Man Convicted in Jury Trial of Multiple Counts of Drunk Driving and Related Charges

By Gracy Joslin and Rena Abdusalam

WOODLAND, CA – A man was convicted here in Yolo County Superior Court Wednesday after a two-day-plus jury trial on two misdemeanor charges for allegedly driving under the influence and drunk driving, along with two enhancements for excessive blood alcohol content and refusal to be tested for a DUI.

The Vanguard will not identify the accused because the charges are not felonies.

Earlier in the week, Deputy Public Defender Eric Arias asked the court to reconsider one of the objections made in court during the trial, regarding the accused’s silence upon waking up in the hospital.

“(He) has a right to remain silent. That is the Fifth Amendment protection. And so, his silence is being used as an adoptive admission,” argued PD Arias.

However, prosecutor Jose Gustaco Figueroa argued, since the accused failed to speak or reply, both the accusatory statement and the fact of silence may be offered as an adoptive admission of guilt. Judge Tom Dyer responded but didn’t announce a ruling.

Eventually, the jury was let in and a testifying officer (name not intelligible) said the accused’s eyes were “slightly pink-ish.”

The officer noted that he has witnessed or been a part of about 30 blood draws in his career and the man’s blood appeared like any other time the paramedic had drawn blood from somebody.

In response, PD Arias told the officer that yesterday he testified the accused’s eyes were red and bloodshot.

He also asked the police officer if he is a phlebotomist, was ever trained as one, and what is required for a proper blood draw. The officer replied in the negative to all of the questions. 

Afterwards, the second witness, Kimberly Sand, who works as a criminalist for the California Department of Justice, did a technical review on her colleague’s report and claimed she found the accused’s sample to be tested appropriately to the technical procedures and accurate.

It was found the man’s BAC level was 0.213 percent, said Sand, adding, “My opinion would be that if a person’s blood alcohol concentration is 0.213 percent at the time of operating a motor vehicle, they would be doing so in an unsafe manner.”

Then, prosecutor Figueroa asked Sand to calculate the BAC for hypothetical situations.

For the first hypothetical, Figueroa asked how many drinks it would take for a male, weighing 225 lbs., to register a BAC level of 0.213 percent, and Sand answered 13 drinks.

Figueroa then asked what would be the BAC level for a 225-lb. male at 12:40 a.m., that drank three drinks at 5 p.m. and stopped drinking at 8:30 p.m., and Sand said the level would be zero.

PD Arias asked Sand if she knew the person who drew the blood, witnessed the drawing, and who did it. She answered no to all. PD Arias also noted the hypotheticals are based on a fictional male, not the accused, and that she physically never touched the blood draw.

Sand insisted she was notified about the field sobriety test the accused underwent, learning he was stumbling and swaying. Knowing that, she said the accused was more likely to be drunk and not in a good condition to be driving.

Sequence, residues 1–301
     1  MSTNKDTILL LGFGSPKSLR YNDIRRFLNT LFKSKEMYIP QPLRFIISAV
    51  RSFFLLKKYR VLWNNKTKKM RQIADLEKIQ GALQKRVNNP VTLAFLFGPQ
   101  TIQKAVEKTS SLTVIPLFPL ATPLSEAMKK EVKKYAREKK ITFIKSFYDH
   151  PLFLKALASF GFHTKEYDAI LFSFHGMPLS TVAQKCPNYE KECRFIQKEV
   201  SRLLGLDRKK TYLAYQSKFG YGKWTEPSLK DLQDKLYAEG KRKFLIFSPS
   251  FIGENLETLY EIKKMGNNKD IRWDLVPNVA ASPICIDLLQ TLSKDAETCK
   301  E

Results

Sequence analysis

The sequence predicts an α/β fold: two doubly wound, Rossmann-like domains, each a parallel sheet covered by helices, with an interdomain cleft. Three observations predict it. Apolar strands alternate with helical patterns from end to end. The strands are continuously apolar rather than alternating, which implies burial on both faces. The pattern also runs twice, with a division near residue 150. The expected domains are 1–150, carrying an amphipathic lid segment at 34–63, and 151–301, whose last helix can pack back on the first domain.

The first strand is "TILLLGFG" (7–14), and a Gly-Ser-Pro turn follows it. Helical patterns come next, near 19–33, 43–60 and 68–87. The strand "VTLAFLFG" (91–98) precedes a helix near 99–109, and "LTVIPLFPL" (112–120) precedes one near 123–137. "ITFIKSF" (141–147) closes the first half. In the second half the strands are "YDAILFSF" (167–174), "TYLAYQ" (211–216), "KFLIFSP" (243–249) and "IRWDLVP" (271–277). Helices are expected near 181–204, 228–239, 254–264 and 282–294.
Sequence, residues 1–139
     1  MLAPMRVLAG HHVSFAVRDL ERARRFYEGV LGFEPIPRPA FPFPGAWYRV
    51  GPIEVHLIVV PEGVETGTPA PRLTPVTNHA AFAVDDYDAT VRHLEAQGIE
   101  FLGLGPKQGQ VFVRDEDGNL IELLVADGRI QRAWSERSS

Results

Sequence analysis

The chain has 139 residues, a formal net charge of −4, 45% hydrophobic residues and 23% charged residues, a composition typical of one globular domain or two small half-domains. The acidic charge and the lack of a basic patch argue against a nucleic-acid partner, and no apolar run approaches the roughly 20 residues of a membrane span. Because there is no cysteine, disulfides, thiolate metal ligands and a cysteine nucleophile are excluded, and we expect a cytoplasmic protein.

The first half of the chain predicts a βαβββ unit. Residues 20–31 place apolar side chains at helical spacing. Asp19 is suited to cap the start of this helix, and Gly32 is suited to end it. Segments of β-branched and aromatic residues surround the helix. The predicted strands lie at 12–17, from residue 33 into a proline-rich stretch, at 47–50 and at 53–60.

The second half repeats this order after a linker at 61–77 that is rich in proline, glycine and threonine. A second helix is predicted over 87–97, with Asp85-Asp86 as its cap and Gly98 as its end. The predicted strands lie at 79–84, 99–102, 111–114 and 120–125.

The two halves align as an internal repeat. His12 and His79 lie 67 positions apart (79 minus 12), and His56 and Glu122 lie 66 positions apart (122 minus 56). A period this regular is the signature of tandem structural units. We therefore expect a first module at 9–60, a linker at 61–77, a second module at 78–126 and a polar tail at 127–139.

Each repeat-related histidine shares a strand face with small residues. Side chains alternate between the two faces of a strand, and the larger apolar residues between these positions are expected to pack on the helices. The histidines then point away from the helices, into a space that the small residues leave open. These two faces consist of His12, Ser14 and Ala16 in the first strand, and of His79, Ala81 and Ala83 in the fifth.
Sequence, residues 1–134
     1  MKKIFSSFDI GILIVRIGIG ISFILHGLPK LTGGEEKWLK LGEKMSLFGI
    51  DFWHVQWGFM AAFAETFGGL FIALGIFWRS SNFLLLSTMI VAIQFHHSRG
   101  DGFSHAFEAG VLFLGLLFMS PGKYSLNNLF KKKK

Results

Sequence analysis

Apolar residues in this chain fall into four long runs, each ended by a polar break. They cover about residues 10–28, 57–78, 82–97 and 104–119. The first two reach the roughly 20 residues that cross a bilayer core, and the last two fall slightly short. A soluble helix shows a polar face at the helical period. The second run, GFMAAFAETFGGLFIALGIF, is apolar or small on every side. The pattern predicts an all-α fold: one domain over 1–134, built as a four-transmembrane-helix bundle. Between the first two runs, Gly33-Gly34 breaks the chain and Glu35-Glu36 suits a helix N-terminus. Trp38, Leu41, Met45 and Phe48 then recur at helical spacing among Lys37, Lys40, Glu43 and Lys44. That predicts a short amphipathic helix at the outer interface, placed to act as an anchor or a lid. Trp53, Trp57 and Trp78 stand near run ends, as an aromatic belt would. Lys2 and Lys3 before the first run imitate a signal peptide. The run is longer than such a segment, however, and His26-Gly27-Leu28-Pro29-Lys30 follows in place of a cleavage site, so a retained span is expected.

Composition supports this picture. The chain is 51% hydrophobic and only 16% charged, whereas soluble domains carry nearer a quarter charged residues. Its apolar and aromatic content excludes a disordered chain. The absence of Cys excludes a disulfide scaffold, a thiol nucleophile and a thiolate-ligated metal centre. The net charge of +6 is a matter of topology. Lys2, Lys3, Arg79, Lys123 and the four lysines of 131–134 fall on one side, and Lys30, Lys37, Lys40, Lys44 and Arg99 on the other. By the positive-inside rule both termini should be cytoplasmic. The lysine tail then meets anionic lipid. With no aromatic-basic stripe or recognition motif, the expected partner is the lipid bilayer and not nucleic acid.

About The Author

Gracy is a 4th Year at UC Davis studying Political Science and minoring in Communications and Sociology. Post graduation plans include traveling and then eventually attending Law School.

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  1. Ramneet Singh

    I would like to point out the part of the article focused on the right of the accused to be silent. I had not been aware that remaining silent could be thought of as an “adoptive admission of guilt.” Giving details for both perspectives helped to set the tone for the article. I also appreciated mentioning the discrepancies of the defendant’s eyes as it seems to be a key piece of the evidence. Finally, I thought the description of the last testimony was detailed. It expressed the witness’s proximity to the situation at hand. Well done!

    1. Bill Marshall

      Yes… je d’accord…

      I had not been aware that remaining silent could be thought of as an “adoptive admission of guilt.”

      Many past historical examples of the ‘remaining silent’ has been taken as ‘admission of guilt’… goes back thousands of years, many cultures…

      As in ‘you have to answer to the crimes you are charged with’… Spanish inquisition, the trial of a Jew in Israel circa 35 AD, Nuremberg trials right after WWII, etc., etc., etc.

      Even parents do it… “what do you have to say about what we (think) you did?”  [Who has either heard and/or said that!  I know I’ve been on both the receiving and giving ends of that!  Not proud of either]

      In spite of constitutional law that gives the right to remain silent, juries and the ‘vox populi’ (sort of same thing) have attributed “no comment” to ‘guilt beyond reasonable doubt’… am not justifying it, but historically, going back throughout recorded history, that’s the way we as a species roll.  C’est dommage…

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